Skip to Main Content
U.S. Forest Service
Caring for the land and serving people

United States Department of Agriculture

Home > Search > Publication Information

  1. Share via EmailShare on FacebookShare on LinkedInShare on Twitter
    Dislike this pubLike this pub
    Author(s): Ying-Hung Li; Victor A. Rudis; Theresa A. Herrick
    Date: 2004
    Source: Gen. Tech. Rep. SRS-74. Asheville, NC: U.S. Department of Agriculture, Forest Service, Southern Research Station. pp. 130-140
    Publication Series: Miscellaneous Publication
    PDF: View PDF  (679 KB)

    Description

    Abstract - This study estimated summer scenic beauty and associated psychological attributes of scenes depicting uncut and several cutting regimes within shortleaf pine-hardwood forests on national forests. Images were captured in the summer of 1994 in nine treated and three comparable untreated stands in the Ouachita Mountains of Arkansas. Treatments imposed in the winter of 1992-93 included group selection, pine-hardwood shelterwood, and clearcut in north, east, and south quadrants of the region. Landscape Architecture professionals, students with professional training, and other students with no training, rated scenic beauty preferences and associated psychological attributes. Analysis of rankings showed significant differences (P(F)<0.05) in psychological attributes by treatment type and the background of judges. For all judges, more intensive cutting yielded significantly less scenic beauty, mystery, coherence, and complexity, and greater visual penetration. Legibility, a term used to describe finding one’s way, was not significantly associated with cutting treatment. Scenic beauty preferences were indistinguishable among intermediate (shelterwood and group selection) treatments, although group selection was likely the least offensive because it provided mystery, complexity, and visual penetration comparable to untreated areas. There were significant quadrant-by-treatment interactions, suggesting that local conditions also affect the impact of treatments on scenic beauty. Our results lend quantitative credence to the qualitative notion that adapting cutting practices to limit visual penetration and increase coherence, complexity, mystery, and scenic beauty can yield measurable aesthetic benefits.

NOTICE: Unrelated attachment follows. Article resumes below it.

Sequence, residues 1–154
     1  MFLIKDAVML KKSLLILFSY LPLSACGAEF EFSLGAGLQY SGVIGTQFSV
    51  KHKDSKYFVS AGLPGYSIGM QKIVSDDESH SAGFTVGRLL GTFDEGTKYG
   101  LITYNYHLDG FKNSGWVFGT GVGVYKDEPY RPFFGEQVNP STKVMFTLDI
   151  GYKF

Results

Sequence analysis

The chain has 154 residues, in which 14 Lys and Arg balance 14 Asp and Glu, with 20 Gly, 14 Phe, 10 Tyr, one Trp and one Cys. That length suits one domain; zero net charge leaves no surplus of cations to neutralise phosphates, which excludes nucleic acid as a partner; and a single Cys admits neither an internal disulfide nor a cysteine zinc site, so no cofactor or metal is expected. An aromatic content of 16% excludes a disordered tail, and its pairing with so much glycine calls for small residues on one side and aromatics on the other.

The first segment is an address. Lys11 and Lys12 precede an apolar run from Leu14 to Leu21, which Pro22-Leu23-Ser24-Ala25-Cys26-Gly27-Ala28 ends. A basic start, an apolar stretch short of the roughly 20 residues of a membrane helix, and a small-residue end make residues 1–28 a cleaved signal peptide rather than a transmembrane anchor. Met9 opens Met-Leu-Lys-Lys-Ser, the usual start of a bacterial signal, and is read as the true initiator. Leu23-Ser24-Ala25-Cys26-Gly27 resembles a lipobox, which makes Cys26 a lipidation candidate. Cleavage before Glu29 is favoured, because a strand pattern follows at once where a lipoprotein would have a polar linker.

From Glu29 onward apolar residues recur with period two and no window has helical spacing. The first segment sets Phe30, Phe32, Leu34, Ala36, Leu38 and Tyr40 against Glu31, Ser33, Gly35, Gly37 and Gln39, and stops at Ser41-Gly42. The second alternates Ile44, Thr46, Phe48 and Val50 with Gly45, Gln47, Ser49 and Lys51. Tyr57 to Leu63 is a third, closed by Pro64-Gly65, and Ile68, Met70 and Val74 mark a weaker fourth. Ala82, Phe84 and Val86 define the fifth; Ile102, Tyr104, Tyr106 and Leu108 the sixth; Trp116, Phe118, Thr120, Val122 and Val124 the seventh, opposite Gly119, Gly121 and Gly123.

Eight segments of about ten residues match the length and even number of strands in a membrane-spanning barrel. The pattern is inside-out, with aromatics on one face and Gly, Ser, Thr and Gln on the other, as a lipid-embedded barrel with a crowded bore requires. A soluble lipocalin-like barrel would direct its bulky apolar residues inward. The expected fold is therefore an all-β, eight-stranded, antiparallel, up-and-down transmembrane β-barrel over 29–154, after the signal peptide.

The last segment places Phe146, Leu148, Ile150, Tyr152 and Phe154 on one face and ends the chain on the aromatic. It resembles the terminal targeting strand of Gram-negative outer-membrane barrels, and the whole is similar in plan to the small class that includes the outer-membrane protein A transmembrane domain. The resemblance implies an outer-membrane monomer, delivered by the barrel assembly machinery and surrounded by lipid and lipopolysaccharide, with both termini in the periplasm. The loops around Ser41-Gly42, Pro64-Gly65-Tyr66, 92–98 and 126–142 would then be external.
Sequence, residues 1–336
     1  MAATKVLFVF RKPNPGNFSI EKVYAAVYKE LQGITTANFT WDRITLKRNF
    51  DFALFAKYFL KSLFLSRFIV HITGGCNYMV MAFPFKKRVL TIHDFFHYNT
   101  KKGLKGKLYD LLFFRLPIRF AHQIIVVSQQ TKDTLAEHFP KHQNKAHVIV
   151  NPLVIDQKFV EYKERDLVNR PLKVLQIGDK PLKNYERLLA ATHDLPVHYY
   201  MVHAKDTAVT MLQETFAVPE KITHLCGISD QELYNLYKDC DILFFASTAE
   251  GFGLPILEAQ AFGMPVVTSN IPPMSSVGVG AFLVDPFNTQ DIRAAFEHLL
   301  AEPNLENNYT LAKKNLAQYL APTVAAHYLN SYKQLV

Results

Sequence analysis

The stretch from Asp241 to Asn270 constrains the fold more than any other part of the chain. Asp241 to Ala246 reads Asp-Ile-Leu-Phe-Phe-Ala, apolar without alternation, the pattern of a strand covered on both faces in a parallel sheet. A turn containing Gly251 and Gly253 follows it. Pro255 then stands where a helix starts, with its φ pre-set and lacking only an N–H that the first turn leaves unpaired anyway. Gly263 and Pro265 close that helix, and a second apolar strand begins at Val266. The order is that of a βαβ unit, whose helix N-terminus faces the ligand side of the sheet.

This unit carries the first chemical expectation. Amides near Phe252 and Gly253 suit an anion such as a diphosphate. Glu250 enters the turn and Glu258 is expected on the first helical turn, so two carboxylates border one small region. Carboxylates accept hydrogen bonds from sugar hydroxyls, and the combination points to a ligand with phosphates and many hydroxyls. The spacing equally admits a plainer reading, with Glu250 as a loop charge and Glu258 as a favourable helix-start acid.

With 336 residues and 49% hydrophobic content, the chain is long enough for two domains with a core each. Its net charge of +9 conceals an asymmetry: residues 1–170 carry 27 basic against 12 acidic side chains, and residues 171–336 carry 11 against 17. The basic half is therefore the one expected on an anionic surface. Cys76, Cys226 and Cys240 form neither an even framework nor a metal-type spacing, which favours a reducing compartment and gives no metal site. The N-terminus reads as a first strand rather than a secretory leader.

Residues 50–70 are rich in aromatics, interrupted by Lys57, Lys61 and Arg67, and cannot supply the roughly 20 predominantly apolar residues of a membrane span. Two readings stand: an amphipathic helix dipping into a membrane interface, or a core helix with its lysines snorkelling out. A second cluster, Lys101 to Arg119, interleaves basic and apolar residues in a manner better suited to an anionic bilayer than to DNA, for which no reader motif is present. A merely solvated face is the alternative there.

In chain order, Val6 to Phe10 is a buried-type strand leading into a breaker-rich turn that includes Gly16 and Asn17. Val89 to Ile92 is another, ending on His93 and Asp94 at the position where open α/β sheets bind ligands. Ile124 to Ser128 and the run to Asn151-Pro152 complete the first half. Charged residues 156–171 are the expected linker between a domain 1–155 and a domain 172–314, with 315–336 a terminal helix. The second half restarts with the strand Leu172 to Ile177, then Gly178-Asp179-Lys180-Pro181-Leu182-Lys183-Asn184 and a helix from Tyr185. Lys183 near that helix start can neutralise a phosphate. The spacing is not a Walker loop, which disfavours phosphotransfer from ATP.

Publication Notes

    • You may send email to pubrequest@fs.fed.us to request a hard copy of this publication.
    • (Please specify exactly which publication you are requesting and your mailing address.)
    • We recommend that you also print this page and attach it to the printout of the article, to retain the full citation information.
    • This article was written and prepared by U.S. Government employees on official time, and is therefore in the public domain.

    Citation

    Li, Ying-Hung; Rudis, Victor A.; Herrick, Theresa A. 2004. A Psychological Model Of Scenic Beauty By Silvicultural Treatment Two Growing Seasons After Harvest. Gen. Tech. Rep. SRS-74. Asheville, NC: U.S. Department of Agriculture, Forest Service, Southern Research Station. pp. 130-140

    Related Search


    XML: View XML
Show More
Show Fewer
Jump to Top of Page